It is not known exactly what type of dance the Ancient Egyptians practised, but one thing seems sure: it was a common part of their celebrations and rituals.
Evidence from the Old Kingdom period (around 2,500 BCE) up to Graeco-Roman times (around 400 CE) shows women that look like they may be dancing, performing at religious ceremonies and festivals.
According to Andrea Deagona, a dancer and professor at the University of North Carolina: “Judging by what few written records there are, and going on the conservatism of dance traditions, my best guess would be that men and women have danced ‘solo-improvised dance based on torso articulation’ for several millennia in the Middle East, North Africa, and around the Mediterranean.”
There is no way of knowing for sure if the dancers depicted on manuscripts and monuments were professional performers or simply citizens. What is clear is that there were specialised dancers who performed for ritualistic purposes at celebrations and religious dates.
In addition, from the drawings and manuscripts, temples and tombs, part of the offering to the gods at the sanctuaries likely included music and dance, with figures drawn with their arms raised above their heads in a dance-like pose, starting from the Old Kingdom. Other evidence suggesting acrobatic dance, includes female figures in upside down postures was found, for instance, on the Karnak temple walls and on shards of pottery.
Flutes, cymbals and drums have been found preserved since ancient times. Reed-flutes similar to those used in Egypt today and reed mouthpieces were kept among the offerings in tombs. Researchers believe, based on these instruments, that the music of ancient Egypt may have been similar to some contemporary folkloric Egyptian music.
Percussion seems to be a key element in the dances presented. The closest contemporary music resembling ancient Egyptian in rhythm and sound is likely the Nubian music. Many scenes depict women playing lute-like instruments (similar to the modern ‘Oud’) and lyres.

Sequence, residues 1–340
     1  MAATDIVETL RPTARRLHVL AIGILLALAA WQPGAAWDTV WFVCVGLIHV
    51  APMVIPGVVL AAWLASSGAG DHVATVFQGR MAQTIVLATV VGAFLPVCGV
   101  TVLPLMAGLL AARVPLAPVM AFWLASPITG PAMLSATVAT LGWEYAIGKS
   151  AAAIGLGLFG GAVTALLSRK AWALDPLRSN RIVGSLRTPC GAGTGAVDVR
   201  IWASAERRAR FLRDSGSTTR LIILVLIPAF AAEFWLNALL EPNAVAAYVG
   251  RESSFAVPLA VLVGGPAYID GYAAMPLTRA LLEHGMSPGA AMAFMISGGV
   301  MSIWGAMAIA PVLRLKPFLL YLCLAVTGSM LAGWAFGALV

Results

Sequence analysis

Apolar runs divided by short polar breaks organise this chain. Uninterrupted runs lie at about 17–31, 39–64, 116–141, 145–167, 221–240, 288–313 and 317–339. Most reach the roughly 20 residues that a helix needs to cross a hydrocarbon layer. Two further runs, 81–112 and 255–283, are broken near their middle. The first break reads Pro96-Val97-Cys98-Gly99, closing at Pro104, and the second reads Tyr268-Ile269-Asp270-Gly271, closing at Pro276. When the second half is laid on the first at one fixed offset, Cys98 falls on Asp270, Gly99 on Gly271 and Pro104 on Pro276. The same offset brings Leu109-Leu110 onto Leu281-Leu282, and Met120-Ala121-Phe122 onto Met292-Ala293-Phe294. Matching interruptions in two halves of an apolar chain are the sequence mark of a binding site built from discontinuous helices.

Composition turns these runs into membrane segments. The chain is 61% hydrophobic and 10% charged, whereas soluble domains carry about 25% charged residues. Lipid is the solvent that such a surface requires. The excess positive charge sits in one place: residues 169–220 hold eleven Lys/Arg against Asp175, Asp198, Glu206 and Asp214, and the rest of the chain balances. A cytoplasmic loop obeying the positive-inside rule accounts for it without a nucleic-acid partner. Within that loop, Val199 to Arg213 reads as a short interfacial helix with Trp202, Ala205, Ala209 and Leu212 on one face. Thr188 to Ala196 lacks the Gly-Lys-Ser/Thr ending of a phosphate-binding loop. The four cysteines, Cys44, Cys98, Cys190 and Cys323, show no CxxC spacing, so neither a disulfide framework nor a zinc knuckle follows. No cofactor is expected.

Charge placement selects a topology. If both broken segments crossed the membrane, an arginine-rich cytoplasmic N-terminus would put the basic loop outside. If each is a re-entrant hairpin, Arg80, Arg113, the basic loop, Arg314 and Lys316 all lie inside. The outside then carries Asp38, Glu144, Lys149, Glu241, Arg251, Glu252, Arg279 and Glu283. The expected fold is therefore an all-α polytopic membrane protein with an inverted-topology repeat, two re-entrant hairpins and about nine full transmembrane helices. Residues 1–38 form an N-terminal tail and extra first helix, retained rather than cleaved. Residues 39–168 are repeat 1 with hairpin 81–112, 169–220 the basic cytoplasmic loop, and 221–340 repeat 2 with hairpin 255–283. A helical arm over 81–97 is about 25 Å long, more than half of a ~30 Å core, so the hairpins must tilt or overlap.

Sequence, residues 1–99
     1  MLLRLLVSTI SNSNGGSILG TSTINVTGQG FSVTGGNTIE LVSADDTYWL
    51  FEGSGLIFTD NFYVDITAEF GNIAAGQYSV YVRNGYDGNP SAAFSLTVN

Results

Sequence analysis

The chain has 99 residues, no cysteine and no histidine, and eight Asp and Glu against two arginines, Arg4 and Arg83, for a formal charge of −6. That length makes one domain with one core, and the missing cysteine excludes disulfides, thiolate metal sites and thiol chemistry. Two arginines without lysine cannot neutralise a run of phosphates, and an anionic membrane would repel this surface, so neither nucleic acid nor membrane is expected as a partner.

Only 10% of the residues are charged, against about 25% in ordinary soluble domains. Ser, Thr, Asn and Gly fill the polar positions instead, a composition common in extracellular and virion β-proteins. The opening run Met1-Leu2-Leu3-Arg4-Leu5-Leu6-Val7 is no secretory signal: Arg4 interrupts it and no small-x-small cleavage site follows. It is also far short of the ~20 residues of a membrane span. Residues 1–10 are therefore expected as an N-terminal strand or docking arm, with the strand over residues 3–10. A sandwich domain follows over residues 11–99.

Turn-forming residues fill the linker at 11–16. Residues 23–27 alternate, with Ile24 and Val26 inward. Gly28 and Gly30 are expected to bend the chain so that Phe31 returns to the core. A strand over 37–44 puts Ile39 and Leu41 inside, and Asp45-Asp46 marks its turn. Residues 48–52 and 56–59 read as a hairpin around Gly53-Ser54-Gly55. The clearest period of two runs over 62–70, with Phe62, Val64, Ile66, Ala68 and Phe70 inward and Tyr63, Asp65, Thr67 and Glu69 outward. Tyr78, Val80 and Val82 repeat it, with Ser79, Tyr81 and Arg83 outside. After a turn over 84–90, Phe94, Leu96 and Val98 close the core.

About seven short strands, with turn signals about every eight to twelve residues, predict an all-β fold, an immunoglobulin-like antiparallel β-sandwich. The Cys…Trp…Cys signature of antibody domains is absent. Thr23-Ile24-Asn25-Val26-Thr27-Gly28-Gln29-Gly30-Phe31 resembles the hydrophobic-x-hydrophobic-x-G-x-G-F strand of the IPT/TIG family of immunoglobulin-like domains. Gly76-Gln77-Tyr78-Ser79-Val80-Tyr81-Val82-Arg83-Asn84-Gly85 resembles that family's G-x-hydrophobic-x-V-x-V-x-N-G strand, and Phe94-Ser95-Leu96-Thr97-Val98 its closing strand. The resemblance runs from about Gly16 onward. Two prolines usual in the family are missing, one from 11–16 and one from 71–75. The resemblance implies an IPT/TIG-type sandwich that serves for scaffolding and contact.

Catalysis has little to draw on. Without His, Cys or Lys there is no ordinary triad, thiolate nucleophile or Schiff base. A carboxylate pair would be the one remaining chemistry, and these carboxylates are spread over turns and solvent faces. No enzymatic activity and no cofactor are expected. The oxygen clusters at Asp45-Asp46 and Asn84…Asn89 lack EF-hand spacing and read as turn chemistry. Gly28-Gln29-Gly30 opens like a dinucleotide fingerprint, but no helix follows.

Were these professional musicians or simply skilled amateurs? Did all levels of society participate, from aristocratic to average citizens? More research is needed to answer these questions.
Some specialists have suggested that dancers were associated with the mysteries of the goddess Hathor, and that devotees practised sacred dances at her temples; while other records show requests for hiring dancers for special festivities, suggesting that there were also “professionals” who practised this art form and that it was highly appreciated.
According to Deagona, the “hnr” were groups of musicians and performers that were apparently hired for celebrations. There are records of these entertainers starting from the Old Kingdom. There is also evidence that dwarfs were involved in such performances, as in this excerpt from a letter by Pharaoh Pepi II to Harkhuf:
“Come northward to the court immediately; […] thou shalt bring this dwarf with thee, which thou bringest living, prosperous and healthy from the land of spirits, for the dances of the god, to rejoice and [gladden] the heart of the king of Upper and Lower Egypt, Neferkare, who lives forever.”
(James Henry Breasted Ancient Records of Egypt, Part One, p. 353)
Most of what is known about Ancient Egyptian dance is based on work done at the turn of the 20th century. As with most ancient records, there may be more we can find out: how common was dancing? Was it more like belly dancing? Some of the costumes emphasize the hips, which suggests it was “torso articulated”, i.e., akin to belly dancing or oriental dancing in general (versus emphasis on the steps, like flamenco dancing and regional folkloric dances of Spain and France, for instance.
Patricia Spencer, a dancer who studied Ancient Egyptian records, thinks that the majority of women would probably only have danced in family situations and not in public. In her article “Female dancers in Ancient Egypt” she points out that “The dances depicted in Egyptian scenes appear, to our eyes, stiff and stylised since Ancient Egyptian artistic conventions were very rigid, with strict rules about how a human figure had to be depicted and a ‘canon of proportions’ to which all Egyptian artists had to adhere. Consequently, it was very hard for an Egyptian artist or sculptor to show any individuality and spontaneity in his depictions of dance and entertainment.”
University of North Carolina Wilmington, Bill Heidrick and Academia websites